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The U.S. Great Recession Experience. The Reasons why Losses in Jobs and in Home Equity Savings reinforced each other

De Koning, Kees (2021): The U.S. Great Recession Experience. The Reasons why Losses in Jobs and in Home Equity Savings reinforced each other.

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Abstract

In a previous paper: “Quantitative Easing Home Equity: an Alternative Economic Management Tool” (MPRA Paper 106528), the writer did analyze some of the Great Recession’s experiences for different groups of U.S. households. In Q4 2005, the home equity level stood at $14.4 trillion for all households. As a result of the Great Recession this level dropped to $8.2 trillion by Q1 2012. This loss in wealth level lasted the longest for the bottom 50% of households. For this group it took over 10 years which was nearly 5 years longer than for the two household groups making up the top 50% of households. The latter groups took five years to get back to the income and wealth levels as assessed in 2007.

Why was losing $6.2 trillion in home equity savings over the period Q4 2005 to Q1 2012 such a disaster?

The first aspect is the value of savings made and the recovery period to earn back such savings losses. A savings loss of 43% on home values was an extreme percentage of losses, mainly due to two factors. The first was the reinforcement factor. When doubts crept into the mortgage backed securities markets in 2007, the snowball started rolling. Banks and other financial companies as well as some households were over extended. Defaults started to go up and the mood in the markets turned from overly optimistic to severely negative. Foreclosure levels were racing up and unemployment levels increased rapidly.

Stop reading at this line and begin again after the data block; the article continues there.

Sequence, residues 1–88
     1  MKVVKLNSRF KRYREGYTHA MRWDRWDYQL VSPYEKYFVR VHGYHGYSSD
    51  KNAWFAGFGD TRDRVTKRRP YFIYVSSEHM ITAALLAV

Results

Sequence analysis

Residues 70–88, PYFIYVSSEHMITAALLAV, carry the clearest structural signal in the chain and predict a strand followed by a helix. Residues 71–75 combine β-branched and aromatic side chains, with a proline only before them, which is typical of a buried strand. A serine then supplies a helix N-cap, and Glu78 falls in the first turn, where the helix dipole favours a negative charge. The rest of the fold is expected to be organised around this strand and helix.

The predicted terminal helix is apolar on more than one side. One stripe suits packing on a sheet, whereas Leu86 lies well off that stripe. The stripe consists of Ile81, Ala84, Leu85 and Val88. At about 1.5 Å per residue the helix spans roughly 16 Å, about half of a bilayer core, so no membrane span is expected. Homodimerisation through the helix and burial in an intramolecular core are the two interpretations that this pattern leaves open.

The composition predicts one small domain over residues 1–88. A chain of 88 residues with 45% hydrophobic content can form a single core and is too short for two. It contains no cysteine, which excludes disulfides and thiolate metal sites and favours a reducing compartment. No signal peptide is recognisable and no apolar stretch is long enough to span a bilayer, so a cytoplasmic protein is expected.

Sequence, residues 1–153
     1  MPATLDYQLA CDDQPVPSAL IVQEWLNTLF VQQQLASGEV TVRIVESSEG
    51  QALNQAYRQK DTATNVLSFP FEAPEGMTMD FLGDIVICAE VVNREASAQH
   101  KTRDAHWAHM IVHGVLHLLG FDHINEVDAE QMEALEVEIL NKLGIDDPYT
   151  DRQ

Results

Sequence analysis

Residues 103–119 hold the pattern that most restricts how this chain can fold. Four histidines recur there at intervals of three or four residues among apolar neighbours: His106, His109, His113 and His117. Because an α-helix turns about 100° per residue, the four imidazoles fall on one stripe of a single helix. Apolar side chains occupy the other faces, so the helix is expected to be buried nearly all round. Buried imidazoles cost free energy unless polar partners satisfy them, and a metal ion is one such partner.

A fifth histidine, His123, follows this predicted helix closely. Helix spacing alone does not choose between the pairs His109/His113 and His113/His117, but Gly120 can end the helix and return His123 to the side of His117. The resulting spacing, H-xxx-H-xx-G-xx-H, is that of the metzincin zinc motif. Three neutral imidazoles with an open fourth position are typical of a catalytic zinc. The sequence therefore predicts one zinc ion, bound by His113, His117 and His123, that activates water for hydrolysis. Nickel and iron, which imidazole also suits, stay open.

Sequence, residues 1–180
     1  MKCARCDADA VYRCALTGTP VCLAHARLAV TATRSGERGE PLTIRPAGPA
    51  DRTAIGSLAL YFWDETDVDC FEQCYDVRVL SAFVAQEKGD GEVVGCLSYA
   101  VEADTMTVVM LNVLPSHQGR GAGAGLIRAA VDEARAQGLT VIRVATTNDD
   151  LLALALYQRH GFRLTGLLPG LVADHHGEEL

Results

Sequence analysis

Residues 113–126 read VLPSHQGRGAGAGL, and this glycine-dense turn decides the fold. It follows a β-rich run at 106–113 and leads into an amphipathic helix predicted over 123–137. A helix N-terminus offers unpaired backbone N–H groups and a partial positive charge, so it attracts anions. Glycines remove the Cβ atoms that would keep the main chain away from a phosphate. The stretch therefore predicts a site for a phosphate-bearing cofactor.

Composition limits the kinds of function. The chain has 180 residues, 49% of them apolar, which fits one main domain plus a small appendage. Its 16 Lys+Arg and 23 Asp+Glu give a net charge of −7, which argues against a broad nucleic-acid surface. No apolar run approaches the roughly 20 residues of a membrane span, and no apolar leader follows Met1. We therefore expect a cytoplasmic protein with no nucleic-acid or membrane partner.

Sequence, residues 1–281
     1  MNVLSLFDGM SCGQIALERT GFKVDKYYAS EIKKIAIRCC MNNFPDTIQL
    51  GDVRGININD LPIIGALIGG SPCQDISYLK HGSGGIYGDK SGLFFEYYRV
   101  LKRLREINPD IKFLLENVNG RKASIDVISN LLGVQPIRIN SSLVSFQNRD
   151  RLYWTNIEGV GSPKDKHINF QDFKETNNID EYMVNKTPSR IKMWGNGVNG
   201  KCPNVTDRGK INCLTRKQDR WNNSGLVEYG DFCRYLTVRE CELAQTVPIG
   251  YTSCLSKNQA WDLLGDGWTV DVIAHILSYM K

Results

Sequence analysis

The second aspect was the relationship between house prices and the home equity savings levels embedded in such home values. A home is for nearly all households a necessity rather than a luxury. If a household cannot afford to buy outright, a mortgage is often needed as the household will still need a place to live in. The downward housing prices –from a U.S. average of $257,400 in Q1 2007 to the bottom of $208,400 in Q1 2009 and back to $258,400 by Q1 2013 brought on a misery for many U.S. households.

This paper will attempt to show that there can be a different solution to such market upheaval: a reversal method that helps households to spend more of their home equity level when needed. The household’s macro economic motto could be: “Save in good times and spend from your home equity in economic downturns”. To make it a success, a system needs to be developed to make such spending possible.

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